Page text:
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yellow vase yellow vase yellow vase yellow vase yellow vase ...

by Bruno Van de Casteele

March 17, 2013

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Donate One of those things which amused me during class, was to take two words (I liked "yellow vase") and reiterate it over and over in my head. If you do this at least twenty times, then you'll start feeling that you lose the meaning of the words, and start wondering about the odd sequence of letters. Using your own name works, too, and it works best when doing it aloud (although for evident reasons not recommended in school). Blogger Phil from Philosophistry even called it in 2009 a "fun experiment".

And experiment it is indeed... it is science and even has a cool scientific name: Semantic Satiation. Try repeating that twenty times ... The term, according to Wikipedia, was coined by L James in 1962, and since then an extensive corpus of studies has been written that describe the phenomenon. For instance, this study from 1990 by Smith and Klein indicates that, in a word matching experiment, the effect lasted even when words in the task were accompanied with related words from the same group as the repeated word. Even though the phenomenon is about subjective loss of meaning, there is a degraded performance that is measured, and shows that it is a real effect. Last year, a study by Mulligan and Peterson showed that the effect even lasts for a couple of days.

Of course several researches started analyzing the effect with EEG (Electroencephalography), better known as "chewing gum on your head". Resultsfrom Kunios et al. confirm graphically what one could expect from the descriptions above: non-satiated words had a bigger effect on the brain signaling than satiated words, indicating some sort of "fatigue". This study is interesting, because it also shows how one reacts through the first second after presentation of the target word, and how the results differed also in left and right hemispheres (satiated words were more active in the left side).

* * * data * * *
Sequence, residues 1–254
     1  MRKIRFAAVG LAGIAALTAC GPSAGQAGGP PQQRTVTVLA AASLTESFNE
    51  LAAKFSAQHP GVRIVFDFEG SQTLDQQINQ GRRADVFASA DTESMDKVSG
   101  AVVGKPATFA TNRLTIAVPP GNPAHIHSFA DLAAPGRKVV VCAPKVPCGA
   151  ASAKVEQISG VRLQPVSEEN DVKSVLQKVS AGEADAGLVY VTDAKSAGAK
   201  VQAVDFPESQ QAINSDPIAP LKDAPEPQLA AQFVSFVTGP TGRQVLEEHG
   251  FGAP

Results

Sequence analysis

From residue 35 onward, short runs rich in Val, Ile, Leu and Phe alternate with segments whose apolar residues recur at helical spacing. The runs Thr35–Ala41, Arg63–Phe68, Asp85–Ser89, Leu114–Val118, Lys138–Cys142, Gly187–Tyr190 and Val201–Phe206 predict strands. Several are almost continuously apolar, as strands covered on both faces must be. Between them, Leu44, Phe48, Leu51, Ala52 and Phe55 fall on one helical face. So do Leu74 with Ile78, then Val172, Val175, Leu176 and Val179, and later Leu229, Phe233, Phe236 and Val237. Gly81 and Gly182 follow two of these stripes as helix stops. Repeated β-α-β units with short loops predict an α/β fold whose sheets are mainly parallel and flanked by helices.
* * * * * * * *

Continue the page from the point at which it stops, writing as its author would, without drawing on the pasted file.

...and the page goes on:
What is the cause? The fun part is, we don't know yet (so still plenty of things to discover). And yes, I really mean "fun", because it means there is still a lot of things to discover. The EEG study to which I referred seems to indicate it is not related to perceptual or sensory adaptation, but related to how meaning is constructed in our brain. This semantic processing seems impaired by the repeating of the words, but the results are not entirely conclusive. Another study, by Antropus and Duff, showed that the effect disappeared when the words were repeated by different voices, indicating that some sensory processing still is involved somehow. I think it is safe to say that the jury is still out on this, and that more research should be done.

As usual, I love it when there are plenty of things to discover in science, and that we don't know yet definitely how it works. That's how science works, and it's nice to see it working in practice. This also means that in a couple of years, I might have to do a follow-up blog post, too. In the mean time, don't hesitate to practice at home ...

Note: want to know a lot (really, a lot) more about semantic satiation? Search for those words on Google Scholar, and be ready to pass several hours going through some of the articles referenced there. Google Scholar should be one of your first stops in looking for science articles. One disadvantage, you need to know the term real scientists use to have good search results.

 

by Bruno Van de Casteele

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